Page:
‘Perfect Storm’ Returns Rich Stoddart To Burnett

Although he has been gone from the agency for nearly 10 years, Leo Burnett’s new U.S. president, Rich Stoddart, still knows his Burnett handbook. When discussing the DNA of the agency where he began his career, Stoddart, 41, who rejoins the shop this week, recalled one of the founder’s more famous platitudes: “When you reach for the stars, you may not get one, but you won’t come up with a handful of mud.” It’s a frame of mind the former Burnett account director on McDonald’s hopes to rekindle at the $3.5 billion Publicis Groupe network’s Chicago headquarters. It’s a very different agency from the stalwart independent he left in 1995. Stoddart, whose decade away included stints as head of account management at Publicis sibling Fallon in Minneapolis and, since 2001, as vp of marketing communications at Ford Motor Co., takes the helm of a holding-company unit that is looking to get beyond recent management turmoil and sluggish new-business performance.

Q. You must have had other opportunities to return to the agency side. Why now?

A. Life is all about timing. Ford is in a place right now where we launched six new products in the past year. I actually looked at the people at Ford at the beginning of this year and said, “At some point, we need to talk about my future. But I will commit to you through those launches.” That gives you a sense of why now.

What did U.S. CEO and worldwide president Tom Bernardin have to do to convince you that this was the right move?

They didn’t have to do a lot, because I’d done a lot of the thinking myself. In some ways this was the perfect storm. I had come to the conclusion over the past nine to 12 months that this is what I’m born to do. I’m born to be in the agency business. And it was only a matter of time. In that context, and given the fact that I know the brand, I know the people and I know the client list, there wasn’t a big twist my arm and convince me this is the right thing to do. I did say to Tom, “If you expect me to walk in as someone who’s been away from the brand for 10 years and go back to what the brand was 10 years ago, I don’t know how to do that.”

Bernardin has said the agency needs to get over its inferiority complex. How do you plan to address that?

I never sensed it from the outside. I haven’t been in the building. If there was one, I don’t know to what degree there was and what the nature was. I do know, from talking to people there, that they’re very much in a moving forward mode—that they’ve changed and that they are ready to move forward and look forward and make stuff happen.

How has being a client changed your perspective on agency/client relationships?

I think it’s very easy to underestimate the degree of difficulty of the job that a client has. The complexity—the fact that your biggest concern of that moment of that day may not be the ad or the Web site or the outdoor board or the radio spot that someone may present you. The other thing I appreciate more is the accountability you have for the results of what you do, and how closely you live and die by that.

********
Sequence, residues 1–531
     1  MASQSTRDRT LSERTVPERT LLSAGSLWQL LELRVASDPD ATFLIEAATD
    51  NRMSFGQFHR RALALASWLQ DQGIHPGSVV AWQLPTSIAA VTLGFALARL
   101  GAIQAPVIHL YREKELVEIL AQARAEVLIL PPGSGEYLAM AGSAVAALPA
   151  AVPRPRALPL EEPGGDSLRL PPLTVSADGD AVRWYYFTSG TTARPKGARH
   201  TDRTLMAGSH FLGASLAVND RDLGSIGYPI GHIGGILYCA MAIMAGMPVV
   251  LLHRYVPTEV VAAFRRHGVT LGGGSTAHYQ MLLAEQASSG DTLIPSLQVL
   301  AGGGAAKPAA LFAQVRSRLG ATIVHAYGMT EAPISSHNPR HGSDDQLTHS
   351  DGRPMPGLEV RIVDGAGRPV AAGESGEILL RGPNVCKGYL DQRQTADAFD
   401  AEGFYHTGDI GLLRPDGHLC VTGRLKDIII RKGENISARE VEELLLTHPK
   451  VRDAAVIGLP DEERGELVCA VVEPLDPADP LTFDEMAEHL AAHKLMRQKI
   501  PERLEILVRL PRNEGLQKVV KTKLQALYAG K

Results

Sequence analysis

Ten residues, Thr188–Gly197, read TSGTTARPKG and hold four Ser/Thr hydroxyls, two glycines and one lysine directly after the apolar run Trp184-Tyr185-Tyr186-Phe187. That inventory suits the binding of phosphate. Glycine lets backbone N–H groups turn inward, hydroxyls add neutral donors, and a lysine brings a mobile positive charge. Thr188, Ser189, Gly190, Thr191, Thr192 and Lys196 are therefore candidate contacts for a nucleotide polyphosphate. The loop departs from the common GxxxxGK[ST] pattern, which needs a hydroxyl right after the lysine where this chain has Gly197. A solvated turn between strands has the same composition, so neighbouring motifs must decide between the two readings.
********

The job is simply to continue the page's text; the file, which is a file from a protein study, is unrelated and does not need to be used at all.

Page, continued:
What’s different about the agency business that appeals to you over being on the client side?

The agency business is really about three things: First and foremost, it’s about ideas. It’s about people who make those ideas possible. And it’s about the culture that unifies those people. That is the fuel that the agency business runs on. There’s this purity of this thing called an idea. And there’s magic when you find an idea that communicates something in a powerful way.

What do you consider your greatest accomplishment at Ford?

The one that has been the most important and the most impactful on the company has been the launch of the F-150. It was the most important launch in the history of the company, as Bill Ford said. From a creative standpoint, I’m actually most proud of our work in the branded- entertainment realm—the things we did with 24, with American Idol and most recently the things we’ve done with American Dreams. I think they are at the forefront of some very interesting space.

How do you apply the lessons you learned about branded entertainment to Burnett?

Those initiatives were all about big ideas. The only thing I would say is the power of thinking between the creative idea, the media distribution channel and the content provider of that entertainment—the importance of that integration—is something I will take with me. It’s a hard space to navigate; it’s different every time. But if one of the three elements of the stool doesn’t work correctly, it will not happen. So if you don’t have distribution, you have a great idea that no one sees. If you don’t have great content, then you don’t have a great environment to put your branded entertainment in. And obviously you have to have a big branded-entertainment idea, or you’ve wasted your time.

Your first and most pressing task could be defending the account of the U.S. Army, which has extended its $200 million review and is staying with Burnett for the next six months. You could very well be pegged as the guy who either kept it or lost it.

I can only tell you what you already know. It obviously is a very important piece of business. There’s been terrific work that the agency can be very proud of for that piece of business, and the agency, I’m sure, is fully committed to doing terrific work for that client. Beyond that, I can’t tell you. I haven’t started my job there yet. Walking into a position like this, it’s absolutely incumbent on me to prove my worth on every piece of business—every piece of business we have and every piece of business we pitch. That’s what my agency, the people who work at Leo Burnett, are going to expect of me. And that’s what I need to prove to them—not only what I need to prove to them, it’s what I owe them.